Trashigang in Eastern Bhutan is the country’s largest district.
Trashigang, once the centre of a busy trade route with Tibet, is today the junction of east-west highway with road connecting to Samdrup Jongkhar and then to the Indian States of Assam.
This town is now a market place for the semi nomadic people from Merak and Sakteng whose costumes are unique in Bhutan.
The traditional architecture and narrow streets give the town a quaint and cosy feel. The entire town can be explored on foot.
Places to Visit Trashigang
Sakteng Wildlife Sanctuary
The Sanctuary is home to people of isolated nomadic tribes. It is characterized by thick carpets of rhododendrons, and in its habitat roam snow leopards, red pandas, Himalayan black bear, barking deer, Himalayan red fox, the hoary-bellied Himalayan squirrel and even the mythical Yeti (or the “Abominable Snowman”). Sakteng is virtually untouched by development. Bird species include the Assamese macaw, blood pheasant, grey backed shrike, grey headed woodpecker, common hoopoe, rufous vented tit and dark breasted rose finch.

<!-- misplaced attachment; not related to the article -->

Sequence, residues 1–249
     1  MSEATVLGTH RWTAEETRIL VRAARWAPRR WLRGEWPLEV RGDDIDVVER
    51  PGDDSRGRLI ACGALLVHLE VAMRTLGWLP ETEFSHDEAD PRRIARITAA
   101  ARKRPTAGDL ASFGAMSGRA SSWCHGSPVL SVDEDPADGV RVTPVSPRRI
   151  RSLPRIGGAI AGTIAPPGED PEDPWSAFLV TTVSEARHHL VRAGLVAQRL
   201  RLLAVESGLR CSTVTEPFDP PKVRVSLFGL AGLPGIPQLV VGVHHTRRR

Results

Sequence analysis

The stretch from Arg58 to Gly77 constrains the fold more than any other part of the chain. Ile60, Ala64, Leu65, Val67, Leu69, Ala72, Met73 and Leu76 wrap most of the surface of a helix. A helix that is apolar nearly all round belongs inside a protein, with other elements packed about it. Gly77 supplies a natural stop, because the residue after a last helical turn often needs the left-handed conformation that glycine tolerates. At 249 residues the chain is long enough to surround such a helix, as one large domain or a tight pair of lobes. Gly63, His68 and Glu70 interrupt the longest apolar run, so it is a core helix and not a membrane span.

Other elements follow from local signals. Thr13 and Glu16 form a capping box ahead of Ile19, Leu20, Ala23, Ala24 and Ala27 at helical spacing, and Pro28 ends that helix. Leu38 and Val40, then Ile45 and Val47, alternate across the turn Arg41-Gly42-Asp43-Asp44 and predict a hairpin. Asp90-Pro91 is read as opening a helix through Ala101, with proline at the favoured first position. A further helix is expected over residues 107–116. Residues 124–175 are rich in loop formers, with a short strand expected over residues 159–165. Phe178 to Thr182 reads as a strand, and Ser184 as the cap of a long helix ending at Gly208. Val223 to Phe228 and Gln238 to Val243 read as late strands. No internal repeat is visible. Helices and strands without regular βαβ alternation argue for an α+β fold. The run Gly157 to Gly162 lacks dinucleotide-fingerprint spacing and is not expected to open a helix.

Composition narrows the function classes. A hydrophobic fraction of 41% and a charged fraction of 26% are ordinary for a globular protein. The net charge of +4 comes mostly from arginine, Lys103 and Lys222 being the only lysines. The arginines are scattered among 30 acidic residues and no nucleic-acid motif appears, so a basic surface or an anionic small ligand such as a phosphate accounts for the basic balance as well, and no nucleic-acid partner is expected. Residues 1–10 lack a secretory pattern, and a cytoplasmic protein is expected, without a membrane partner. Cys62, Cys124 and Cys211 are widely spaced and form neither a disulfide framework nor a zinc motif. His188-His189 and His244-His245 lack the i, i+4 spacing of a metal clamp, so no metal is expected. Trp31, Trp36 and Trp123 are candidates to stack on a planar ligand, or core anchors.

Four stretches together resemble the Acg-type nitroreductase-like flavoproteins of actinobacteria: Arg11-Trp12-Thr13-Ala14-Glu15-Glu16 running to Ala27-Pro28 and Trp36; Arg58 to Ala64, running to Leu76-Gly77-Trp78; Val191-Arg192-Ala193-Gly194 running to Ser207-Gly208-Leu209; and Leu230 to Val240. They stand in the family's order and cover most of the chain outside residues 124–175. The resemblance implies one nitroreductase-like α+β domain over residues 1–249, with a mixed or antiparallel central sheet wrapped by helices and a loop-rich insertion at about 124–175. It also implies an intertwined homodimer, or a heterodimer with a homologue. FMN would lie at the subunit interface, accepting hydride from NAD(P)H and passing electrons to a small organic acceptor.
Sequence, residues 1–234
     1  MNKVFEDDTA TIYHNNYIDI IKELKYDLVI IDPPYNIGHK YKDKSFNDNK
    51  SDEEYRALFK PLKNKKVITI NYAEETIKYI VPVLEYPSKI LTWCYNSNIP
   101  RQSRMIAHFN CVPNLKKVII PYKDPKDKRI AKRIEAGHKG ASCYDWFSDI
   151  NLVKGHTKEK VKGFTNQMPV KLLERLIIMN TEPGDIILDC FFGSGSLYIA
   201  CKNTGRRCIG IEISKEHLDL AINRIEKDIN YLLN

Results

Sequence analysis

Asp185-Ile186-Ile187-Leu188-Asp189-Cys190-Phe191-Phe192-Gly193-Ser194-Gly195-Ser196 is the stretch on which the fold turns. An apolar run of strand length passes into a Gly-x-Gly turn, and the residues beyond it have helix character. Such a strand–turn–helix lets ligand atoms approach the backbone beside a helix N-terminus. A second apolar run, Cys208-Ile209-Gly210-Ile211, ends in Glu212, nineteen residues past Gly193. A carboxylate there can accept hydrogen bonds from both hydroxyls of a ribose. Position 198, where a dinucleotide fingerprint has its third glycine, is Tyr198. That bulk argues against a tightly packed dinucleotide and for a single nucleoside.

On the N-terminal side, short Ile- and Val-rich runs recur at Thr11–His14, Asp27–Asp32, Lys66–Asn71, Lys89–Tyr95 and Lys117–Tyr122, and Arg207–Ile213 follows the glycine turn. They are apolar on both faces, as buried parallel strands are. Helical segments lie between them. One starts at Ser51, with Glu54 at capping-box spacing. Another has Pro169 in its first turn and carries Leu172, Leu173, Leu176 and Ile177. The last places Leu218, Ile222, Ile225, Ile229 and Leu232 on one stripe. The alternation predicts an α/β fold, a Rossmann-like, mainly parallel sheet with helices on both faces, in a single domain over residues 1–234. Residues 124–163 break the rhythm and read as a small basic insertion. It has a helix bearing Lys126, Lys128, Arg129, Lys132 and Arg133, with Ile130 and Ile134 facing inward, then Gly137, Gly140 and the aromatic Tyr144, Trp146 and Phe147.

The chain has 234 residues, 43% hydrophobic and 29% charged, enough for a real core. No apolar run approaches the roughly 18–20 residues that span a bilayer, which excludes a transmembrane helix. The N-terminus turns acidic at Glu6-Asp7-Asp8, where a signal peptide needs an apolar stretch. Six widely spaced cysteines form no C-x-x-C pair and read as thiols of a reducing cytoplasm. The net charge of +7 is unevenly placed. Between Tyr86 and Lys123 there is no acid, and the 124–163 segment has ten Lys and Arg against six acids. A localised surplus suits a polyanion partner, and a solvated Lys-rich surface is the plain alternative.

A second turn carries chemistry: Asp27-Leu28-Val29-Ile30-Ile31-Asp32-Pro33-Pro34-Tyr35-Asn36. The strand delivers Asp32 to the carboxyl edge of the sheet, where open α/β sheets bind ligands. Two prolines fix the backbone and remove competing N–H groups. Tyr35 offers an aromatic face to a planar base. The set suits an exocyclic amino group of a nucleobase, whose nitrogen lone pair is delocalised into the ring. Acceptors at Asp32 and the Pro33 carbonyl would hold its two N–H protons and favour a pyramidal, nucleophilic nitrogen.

An hour and a half drive away from Trashigang through a feeder road will take you to the village of Bartsham. One can visit the Goemba Ringbu or the popularly known Chador Lhakhang that is known for fascinating tales revolving around its famous thumbsize replica of Chador, Vajrapani.
When it comes to Bhutan’s whitewashed dzong complexes, there are few that can live up to the sheer size and breathtaking beauty of the Trongsa Dzong.Yep, this colossal medley of half-timbered halls and high-perched prayer rooms makes its home on a craggy outcrop above the Mangde River.It was once the ancestral seat of the Wangchuck dynasty, who are now the royal family of Bhutan.And while the mechanics of state have largely moved to Thimphu, this great palace still holds great political and religious importance, and displays a mosaic of gorgeous 15th and 16th-century architecture typical of the region.